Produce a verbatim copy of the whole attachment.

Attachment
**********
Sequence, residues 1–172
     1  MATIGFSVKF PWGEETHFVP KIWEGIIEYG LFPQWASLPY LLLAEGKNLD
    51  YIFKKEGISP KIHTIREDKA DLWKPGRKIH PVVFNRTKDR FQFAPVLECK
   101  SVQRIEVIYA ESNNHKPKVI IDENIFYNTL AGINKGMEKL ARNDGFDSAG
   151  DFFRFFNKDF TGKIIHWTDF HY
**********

Sequence, residues 1–172
     1  MATIGFSVKF PWGEETHFVP KIWEGIIEYG LFPQWASLPY LLLAEGKNLD
    51  YIFKKEGISP KIHTIREDKA DLWKPGRKIH PVVFNRTKDR FQFAPVLECK
   101  SVQRIEVIYA ESNNHKPKVI IDENIFYNTL AGINKGMEKL ARNDGFDSAG
   151  DFFRFFNKDF TGKIIHWTDF HY